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Reflection from the Pope's Worldwide Prayer Network for England and Wales and Scotland.

In July, we are invited to pray ‘that, in social, economic and political situations of conflict, we may be courageous and passionate architects of dialogue and friendship’. All the monthly intentions in 2021 are expressions of the Pope’s oft-expressed plea for fraternity and here is another example. He’s inviting us not only to remember dialogue and friendship and to live accordingly, but more than that, we are to be architects, which means that we have to design and plan ways of entering into dialogue and building social friendship. It is a much bigger task; moreover, it is to be carried out with courage and passion.

Our adult responsibility

Each month, indeed each day, there are more and more concerns to bring to our prayer, things we know that we need to talk to God about. At times, although always with really good will and honesty, we forget our adult Christian responsibility, instead asking God to fix this or that situation. Then we remember, usually, that the purpose of our prayer is to open ourselves to the grace and strength to mobilise ourselves for Christ’s mission of worldwide compassion.

When the Holy Father offers specific prayer intentions, such as this month’s intention for Social Friendship, he is inviting us, in short, to do something!

The era we’re living through, which might be coming to an end without our realising it, is marked by polarisation and conflict. But there is also a great deal of selfless fraternal service evident. We are faced with massive problems for all of humanity. Inequality in vaccine distribution is now shockingly bad while the forthcoming, crucial COP26 conference will highlight how close we are to environmental disaster. These are but two of many concerns that require our prayer, our passion and our courage, now. In places, quietly and humbly, it is already happening. We understand that dialogue and friendship, which will mark the new era, are as difficult to build as they are necessary, and urgent.

Three proposals for July

What might we do, if we take up the Pope’s challenge this month? Here are our usual three proposals, in which we recover an old tradition promoted by the Apostleship of Prayer over many decades: the Three Challenges for the month.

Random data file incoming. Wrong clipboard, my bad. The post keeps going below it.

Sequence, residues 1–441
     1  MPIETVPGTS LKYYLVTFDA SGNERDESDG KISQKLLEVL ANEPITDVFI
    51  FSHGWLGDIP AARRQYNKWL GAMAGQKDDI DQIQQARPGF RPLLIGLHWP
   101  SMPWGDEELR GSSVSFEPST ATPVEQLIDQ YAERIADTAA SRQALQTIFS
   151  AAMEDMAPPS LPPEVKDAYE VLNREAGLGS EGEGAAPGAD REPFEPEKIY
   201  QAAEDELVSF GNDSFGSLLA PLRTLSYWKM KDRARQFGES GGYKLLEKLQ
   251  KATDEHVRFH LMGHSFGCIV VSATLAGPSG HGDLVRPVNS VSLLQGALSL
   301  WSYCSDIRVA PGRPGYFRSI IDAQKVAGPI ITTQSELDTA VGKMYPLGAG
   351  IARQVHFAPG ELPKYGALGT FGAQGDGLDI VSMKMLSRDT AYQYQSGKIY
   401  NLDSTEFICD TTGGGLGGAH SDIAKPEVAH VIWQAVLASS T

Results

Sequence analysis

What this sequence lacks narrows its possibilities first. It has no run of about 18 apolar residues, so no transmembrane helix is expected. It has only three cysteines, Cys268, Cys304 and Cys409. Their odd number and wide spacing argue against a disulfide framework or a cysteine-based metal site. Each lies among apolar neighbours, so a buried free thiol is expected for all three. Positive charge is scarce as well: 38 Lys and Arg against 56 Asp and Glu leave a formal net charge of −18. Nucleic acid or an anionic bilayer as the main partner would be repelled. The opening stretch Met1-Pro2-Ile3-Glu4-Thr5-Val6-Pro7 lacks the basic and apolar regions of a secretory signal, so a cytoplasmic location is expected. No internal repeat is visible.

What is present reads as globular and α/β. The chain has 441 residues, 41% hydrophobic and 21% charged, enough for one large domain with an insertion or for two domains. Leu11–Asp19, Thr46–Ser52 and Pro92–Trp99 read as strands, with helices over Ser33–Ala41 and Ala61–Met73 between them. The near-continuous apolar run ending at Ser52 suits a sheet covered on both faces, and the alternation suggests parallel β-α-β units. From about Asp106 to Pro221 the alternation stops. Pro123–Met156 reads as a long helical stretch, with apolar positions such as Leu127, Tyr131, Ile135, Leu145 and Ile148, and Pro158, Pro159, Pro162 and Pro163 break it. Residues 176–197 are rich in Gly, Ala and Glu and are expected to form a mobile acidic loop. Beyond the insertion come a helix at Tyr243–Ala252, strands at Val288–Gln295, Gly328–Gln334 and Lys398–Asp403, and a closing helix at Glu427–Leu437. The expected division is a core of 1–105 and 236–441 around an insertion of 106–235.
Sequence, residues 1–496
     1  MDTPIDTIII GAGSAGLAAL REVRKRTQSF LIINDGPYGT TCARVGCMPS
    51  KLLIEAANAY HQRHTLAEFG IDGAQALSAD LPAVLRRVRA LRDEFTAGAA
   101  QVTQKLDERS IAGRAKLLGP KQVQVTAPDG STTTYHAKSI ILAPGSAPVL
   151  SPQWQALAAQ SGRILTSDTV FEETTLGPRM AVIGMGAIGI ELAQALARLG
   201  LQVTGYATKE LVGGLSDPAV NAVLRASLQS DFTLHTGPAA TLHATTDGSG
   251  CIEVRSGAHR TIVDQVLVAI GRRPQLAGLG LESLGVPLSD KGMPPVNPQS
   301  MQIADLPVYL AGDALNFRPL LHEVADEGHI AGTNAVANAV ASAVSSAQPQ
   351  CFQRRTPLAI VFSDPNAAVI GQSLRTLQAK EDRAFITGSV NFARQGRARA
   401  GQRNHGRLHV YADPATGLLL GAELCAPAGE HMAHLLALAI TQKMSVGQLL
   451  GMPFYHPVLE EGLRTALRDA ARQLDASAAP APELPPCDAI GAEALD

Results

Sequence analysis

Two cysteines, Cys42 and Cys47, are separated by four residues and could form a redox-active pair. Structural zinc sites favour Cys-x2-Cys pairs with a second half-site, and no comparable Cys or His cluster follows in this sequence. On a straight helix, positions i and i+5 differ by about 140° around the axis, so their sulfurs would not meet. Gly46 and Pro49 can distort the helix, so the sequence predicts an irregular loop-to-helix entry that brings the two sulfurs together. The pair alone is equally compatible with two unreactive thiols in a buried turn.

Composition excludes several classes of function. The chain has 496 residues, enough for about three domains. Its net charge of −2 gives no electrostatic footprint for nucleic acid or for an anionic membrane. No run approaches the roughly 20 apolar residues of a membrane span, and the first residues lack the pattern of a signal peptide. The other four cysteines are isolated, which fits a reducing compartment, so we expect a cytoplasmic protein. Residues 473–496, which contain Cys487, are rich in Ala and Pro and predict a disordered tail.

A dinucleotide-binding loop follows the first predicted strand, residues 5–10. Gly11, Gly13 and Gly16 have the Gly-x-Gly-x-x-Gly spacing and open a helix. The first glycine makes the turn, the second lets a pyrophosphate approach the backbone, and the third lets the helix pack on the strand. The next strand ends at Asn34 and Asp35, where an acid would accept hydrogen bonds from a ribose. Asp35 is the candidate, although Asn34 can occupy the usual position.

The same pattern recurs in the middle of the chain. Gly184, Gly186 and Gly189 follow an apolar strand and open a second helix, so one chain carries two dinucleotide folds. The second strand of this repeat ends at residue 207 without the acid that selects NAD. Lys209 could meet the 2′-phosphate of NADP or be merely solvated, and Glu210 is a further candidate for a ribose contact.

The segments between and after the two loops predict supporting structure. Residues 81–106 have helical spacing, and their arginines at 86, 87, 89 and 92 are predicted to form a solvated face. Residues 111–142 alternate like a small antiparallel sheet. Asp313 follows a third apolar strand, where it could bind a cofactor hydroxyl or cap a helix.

Spend a few moments pondering and praying about a situation that you know well, where there is conflict; social, economic or political. As you begin, be conscious of the nearness of the Spirit of God. Let one situation in particular arise in your little time of prayer then take great care to notice whatever feelings arise in you as you do so. Speak to God about whatever you notice, without analysing or judging what comes up. Be aware of what moves in your own heart as you do so.

In your parish or worshipping community, whether you can meet physically or online, introduce others to this month’s intention and invite them to name a situation of conflict. It could be local, national or international. Get a discussion going about how the group could be ‘architects of dialogue and friendship’. Take great care of each other as you do so because many of us will feel anything but courageous or passionate, especially after the time we’ve had. We must remember, too, that issues that might surface will likely touch on deeply-held feelings and convictions so everyone must be compassionate, listening carefully and being slow to judge.

Look, or look again, at the recent book Let Us Dream: The Path to a Better Future, co-written by Pope Francis. A guide for readers and reading groups is available here. Francis tells us about the ‘overflow’, the grace that moves us beyond preconceived ideas and the temptation to settle for a return to the old ways, towards new, courageous and creative encounters. Investigate the possibility of setting up a reading group with this easy-to-read book, among friends, family or parishioners.

Heads, hands and heart

Pope Francis, talking about the Eucharist, recently observed that it ‘raises us from our comfortable and lazy lifestyle and reminds us that we are not only mouths to be fed, but also His hands, to be used to help feed others’. Elsewhere, in a favourite phrase of his, he speaks often of the three components of the Christian life: heads, hands and heart. We find him using this phrase back when he was a bishop in his native land, well before his election to the papacy. We’re to use our intelligence and inventiveness, our labour and whatever capabilities we have and all the passion and courage that is in our hearts, as the July intention requests. It reminds us of the lovely thought attributed to St Teresa of Avila, that ‘Christ has no body now on earth but yours … yours are the hands with which he blesses all the world’.

See clearly, choose well, act right

As we move cautiously from lockdowns while keeping a wary eye open for further, deadlier variants of the virus, it is becoming really important to consider what it is that we want to return to. People speak of ‘new normal’ while others want to return to how things were before all this. It will be good to remember fraternity, dialogue and social friendship as we rebuild. But these can be empty (although well-meant) phrases that won’t make any difference unless we discern. In order to do the right thing, we have to make the right choices. For the follower of Christ that means discernment; and that means being able to see clearly, as true discernment will not take place unless we have a clear view of our situation. The Christian must also keep in mind the common good, particularly for those on the margins.


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